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-   -   Need help rigging 30 amp (http://www.diychatroom.com/f18/need-help-rigging-30-amp-97412/)

CZ DIY 03-06-2011 12:55 PM

Need help rigging 30 amp
 
So.... I have a jacuzzi shower unit that is rated at 3000 watts / 27.3 amps. But the romex is run and drywall/paint finished. No way can i run 100' of 10awg now.

But I do have two runs of 12awg available. I know its not code. So this will be rigging. Is it possible to pair up the two 12awg to a single 30 amp outlet?

CZ DIY 03-06-2011 01:00 PM

Btw, each 12awg is connected to a 20 amp gfci breaker.

Jim Port 03-06-2011 01:03 PM

With no way to run a new cable as you stated you will not be using the tub. Sorry.

You cannot parallel conductors that small.

CZ DIY 03-06-2011 01:11 PM

Thanks. There is no turning back on the tub either. I'll just use it at 20 amp and reset the breaker whenever it fails.

SD515 03-06-2011 01:11 PM

You're right...it's not code. And I don't think any electrician on this site would advise that you do what you propose. Our advise is to do it safely and correctly, and that means installing the correct wire gauge/branch circuit material as recommended by the manufacturer.

CZ DIY 03-06-2011 01:27 PM

How about this rig job? Replace the two 20 amp gfci's with a single 20 amp 2-pole gfci. Then have two 20 amp gfci outlets.

Then splice two plugs onto the tubs power cord and plug each into it's own outlet?

I know it's wrong. Just asking for help choosing the least wrong of all the wrong choices.

SD515 03-06-2011 01:37 PM

Sorry...wrong is still wrong. 1% wrong is just as bad as 100% wrong.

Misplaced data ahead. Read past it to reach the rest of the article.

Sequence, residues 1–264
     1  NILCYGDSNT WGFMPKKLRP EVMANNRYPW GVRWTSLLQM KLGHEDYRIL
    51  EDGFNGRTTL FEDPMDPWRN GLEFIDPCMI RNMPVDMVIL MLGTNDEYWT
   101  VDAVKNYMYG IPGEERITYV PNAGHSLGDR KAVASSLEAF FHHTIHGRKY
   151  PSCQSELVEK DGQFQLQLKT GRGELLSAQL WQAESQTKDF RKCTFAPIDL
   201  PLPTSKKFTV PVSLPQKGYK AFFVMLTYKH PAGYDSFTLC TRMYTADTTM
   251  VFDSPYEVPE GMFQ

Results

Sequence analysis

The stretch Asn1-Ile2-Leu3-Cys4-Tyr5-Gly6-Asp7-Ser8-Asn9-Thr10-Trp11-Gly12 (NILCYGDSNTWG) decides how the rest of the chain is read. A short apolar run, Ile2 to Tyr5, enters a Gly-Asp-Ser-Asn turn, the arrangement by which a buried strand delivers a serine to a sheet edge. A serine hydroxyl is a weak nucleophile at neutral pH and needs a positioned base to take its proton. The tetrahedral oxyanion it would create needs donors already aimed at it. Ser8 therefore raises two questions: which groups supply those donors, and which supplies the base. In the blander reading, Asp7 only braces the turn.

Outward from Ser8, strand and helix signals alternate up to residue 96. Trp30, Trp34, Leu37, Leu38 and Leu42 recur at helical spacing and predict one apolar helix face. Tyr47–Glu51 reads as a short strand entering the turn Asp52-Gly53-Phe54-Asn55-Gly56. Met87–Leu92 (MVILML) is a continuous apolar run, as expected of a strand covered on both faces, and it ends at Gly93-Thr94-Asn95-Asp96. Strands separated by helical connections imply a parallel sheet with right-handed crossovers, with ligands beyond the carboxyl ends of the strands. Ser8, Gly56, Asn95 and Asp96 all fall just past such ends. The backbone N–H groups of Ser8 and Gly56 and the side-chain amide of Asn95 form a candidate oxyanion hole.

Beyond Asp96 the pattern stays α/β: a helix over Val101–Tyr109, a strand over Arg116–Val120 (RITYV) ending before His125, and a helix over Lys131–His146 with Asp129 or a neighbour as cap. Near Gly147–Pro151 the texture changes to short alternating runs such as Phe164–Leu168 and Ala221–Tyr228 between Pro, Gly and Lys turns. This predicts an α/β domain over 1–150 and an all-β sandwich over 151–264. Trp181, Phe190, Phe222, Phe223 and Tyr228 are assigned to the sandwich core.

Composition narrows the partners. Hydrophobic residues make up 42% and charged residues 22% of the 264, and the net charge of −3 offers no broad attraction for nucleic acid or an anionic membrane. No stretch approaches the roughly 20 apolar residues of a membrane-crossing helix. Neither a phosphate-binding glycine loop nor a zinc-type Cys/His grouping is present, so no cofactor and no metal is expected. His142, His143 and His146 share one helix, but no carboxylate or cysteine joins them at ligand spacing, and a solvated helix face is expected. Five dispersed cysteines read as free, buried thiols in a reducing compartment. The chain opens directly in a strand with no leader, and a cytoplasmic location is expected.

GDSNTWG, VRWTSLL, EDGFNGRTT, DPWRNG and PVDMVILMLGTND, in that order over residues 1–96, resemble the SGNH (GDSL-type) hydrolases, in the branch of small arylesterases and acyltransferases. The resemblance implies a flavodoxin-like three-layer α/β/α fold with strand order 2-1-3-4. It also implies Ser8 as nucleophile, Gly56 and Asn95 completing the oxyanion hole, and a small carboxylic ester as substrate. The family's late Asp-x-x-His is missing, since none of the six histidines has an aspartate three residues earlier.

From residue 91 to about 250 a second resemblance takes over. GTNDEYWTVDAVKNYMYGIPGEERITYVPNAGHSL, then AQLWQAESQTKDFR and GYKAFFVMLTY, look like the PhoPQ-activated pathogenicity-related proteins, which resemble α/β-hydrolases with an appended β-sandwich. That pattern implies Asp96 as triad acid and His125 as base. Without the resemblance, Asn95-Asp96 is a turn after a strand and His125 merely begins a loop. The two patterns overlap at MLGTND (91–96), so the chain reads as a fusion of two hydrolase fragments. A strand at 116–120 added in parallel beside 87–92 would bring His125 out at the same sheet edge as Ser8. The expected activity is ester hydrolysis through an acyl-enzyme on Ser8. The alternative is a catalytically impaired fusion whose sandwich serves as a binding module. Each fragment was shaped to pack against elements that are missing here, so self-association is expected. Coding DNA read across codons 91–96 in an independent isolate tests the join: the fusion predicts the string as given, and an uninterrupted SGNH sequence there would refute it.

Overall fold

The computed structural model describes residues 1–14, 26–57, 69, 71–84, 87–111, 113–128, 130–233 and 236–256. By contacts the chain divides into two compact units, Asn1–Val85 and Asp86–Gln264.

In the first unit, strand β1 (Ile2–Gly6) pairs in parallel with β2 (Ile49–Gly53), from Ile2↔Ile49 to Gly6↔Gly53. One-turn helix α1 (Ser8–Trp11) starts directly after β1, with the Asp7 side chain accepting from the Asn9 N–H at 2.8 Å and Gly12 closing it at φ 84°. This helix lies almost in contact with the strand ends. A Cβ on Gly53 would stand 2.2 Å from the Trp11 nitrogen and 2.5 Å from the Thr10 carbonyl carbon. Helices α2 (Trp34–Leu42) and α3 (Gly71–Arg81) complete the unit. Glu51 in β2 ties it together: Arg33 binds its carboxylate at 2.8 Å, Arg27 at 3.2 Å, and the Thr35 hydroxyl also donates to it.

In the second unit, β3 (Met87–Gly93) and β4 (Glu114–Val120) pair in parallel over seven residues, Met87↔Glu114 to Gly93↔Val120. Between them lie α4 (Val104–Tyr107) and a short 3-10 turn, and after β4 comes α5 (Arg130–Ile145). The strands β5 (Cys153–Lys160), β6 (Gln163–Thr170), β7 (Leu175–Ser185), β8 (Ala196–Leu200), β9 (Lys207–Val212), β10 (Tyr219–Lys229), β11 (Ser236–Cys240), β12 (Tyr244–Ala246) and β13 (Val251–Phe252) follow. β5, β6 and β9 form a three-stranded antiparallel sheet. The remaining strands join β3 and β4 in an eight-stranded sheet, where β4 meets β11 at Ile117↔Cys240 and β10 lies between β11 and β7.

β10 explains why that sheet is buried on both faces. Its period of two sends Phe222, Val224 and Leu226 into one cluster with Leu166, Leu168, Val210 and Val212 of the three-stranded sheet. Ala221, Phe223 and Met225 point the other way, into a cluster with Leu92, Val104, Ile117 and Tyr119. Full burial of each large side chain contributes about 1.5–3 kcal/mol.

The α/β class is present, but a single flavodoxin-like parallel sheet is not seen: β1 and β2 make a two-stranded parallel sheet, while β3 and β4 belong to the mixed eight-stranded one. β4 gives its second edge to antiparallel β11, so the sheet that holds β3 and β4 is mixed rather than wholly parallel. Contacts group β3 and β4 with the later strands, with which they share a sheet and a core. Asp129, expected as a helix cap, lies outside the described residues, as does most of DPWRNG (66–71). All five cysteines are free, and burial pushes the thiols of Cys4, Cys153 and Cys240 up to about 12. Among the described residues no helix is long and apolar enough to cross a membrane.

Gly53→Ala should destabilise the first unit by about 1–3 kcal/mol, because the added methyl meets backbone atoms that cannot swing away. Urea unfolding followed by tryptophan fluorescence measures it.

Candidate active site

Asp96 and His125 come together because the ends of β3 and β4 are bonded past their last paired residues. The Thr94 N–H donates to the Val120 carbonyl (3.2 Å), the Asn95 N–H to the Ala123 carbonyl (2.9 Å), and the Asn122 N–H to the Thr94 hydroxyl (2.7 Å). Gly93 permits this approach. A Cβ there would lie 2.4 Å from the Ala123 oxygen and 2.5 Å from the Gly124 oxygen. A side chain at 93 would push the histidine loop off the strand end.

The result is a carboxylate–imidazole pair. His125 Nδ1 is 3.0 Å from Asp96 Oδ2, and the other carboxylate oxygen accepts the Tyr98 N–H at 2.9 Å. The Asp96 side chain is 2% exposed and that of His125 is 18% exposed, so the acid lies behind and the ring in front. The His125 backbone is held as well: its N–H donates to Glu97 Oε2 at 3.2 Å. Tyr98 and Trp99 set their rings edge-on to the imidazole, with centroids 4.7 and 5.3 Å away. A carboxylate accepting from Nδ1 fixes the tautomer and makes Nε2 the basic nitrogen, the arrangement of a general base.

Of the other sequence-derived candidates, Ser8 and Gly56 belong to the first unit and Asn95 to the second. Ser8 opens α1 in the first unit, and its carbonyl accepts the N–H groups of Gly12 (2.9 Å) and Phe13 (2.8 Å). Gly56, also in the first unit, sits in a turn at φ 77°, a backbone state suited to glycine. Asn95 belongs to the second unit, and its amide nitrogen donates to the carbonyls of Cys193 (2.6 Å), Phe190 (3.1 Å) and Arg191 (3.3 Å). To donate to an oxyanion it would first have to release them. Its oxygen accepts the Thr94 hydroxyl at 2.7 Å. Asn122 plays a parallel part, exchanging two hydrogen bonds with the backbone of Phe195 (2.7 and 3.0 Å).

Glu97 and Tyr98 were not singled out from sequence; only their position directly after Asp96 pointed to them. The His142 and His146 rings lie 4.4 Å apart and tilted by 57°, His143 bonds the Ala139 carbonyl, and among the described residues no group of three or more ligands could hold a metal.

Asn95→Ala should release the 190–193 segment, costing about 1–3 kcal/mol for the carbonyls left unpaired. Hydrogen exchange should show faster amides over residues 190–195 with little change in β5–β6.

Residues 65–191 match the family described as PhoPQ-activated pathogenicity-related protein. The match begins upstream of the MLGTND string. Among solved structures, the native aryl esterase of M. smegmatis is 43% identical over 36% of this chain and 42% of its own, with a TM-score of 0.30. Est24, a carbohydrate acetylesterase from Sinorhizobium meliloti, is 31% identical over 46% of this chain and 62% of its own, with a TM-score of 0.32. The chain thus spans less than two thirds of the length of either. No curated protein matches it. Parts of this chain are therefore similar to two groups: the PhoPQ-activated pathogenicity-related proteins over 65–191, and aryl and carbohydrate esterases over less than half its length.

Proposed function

Jim Port 03-06-2011 03:34 PM

Quote:

Originally Posted by SD515 (Post 603694)
Sorry...wrong is still wrong. 1% wrong is just as bad as 100% wrong.

Isn't one wronger? :no:

This is said in jest. I in no way advocate trying to circumvent safety.

Speedy Petey 03-06-2011 03:43 PM

Quote:

Originally Posted by CZ DIY (Post 603684)
How about this rig job? Replace the two 20 amp gfci's with a single 20 amp 2-pole gfci. Then have two 20 amp gfci outlets.

Then splice two plugs onto the tubs power cord and plug each into it's own outlet?

I know it's wrong. Just asking for help choosing the least wrong of all the wrong choices.

To even begin to help you hack something like this up is beyond irresponsible. ESPECIALLY since this is for a shower/tub.

Do you even realize what is at stake?????? :icon_rolleyes:


WHY in the world would something rated at 3000 watts be made to run at 120V??? Can you exchange the steam unit alone?

kbsparky 03-06-2011 04:19 PM

Wire up one of your #12 cables for 240 Volts. Then install a 3 kVA 240x120 transformer, and change it back to 120 Volts at the shower connection. Problem solved.

Saturday Cowboy 03-06-2011 09:04 PM

Why is it impossible to run new wire???!!?? It can be done with little or no drywall damage. What is the nature of the house construction and where is the panel?

Hassan Hashemi 03-06-2011 09:17 PM

Paralleing Conductors
 
Quote:

Originally Posted by CZ DIY (Post 603654)
So.... I have a jacuzzi shower unit that is rated at 3000 watts / 27.3 amps. But the romex is run and drywall/paint finished. No way can i run 100' of 10awg now.

But I do have two runs of 12awg available. I know its not code. So this will be rigging. Is it possible to pair up the two 12awg to a single 30 amp outlet?

You can do parallel conductors depending local codes, it is not recommended as you can not guarantee that under a fault(short) they maintain being connected under the terminals. In case that you can assure a solid terminals connection and with no breaks in the path along with assuring equal sizes and lengths of conductors to be parallel.
I highly recommend you to even go to size 8 AWG to assure a good life for your cable for long time trouble free usage.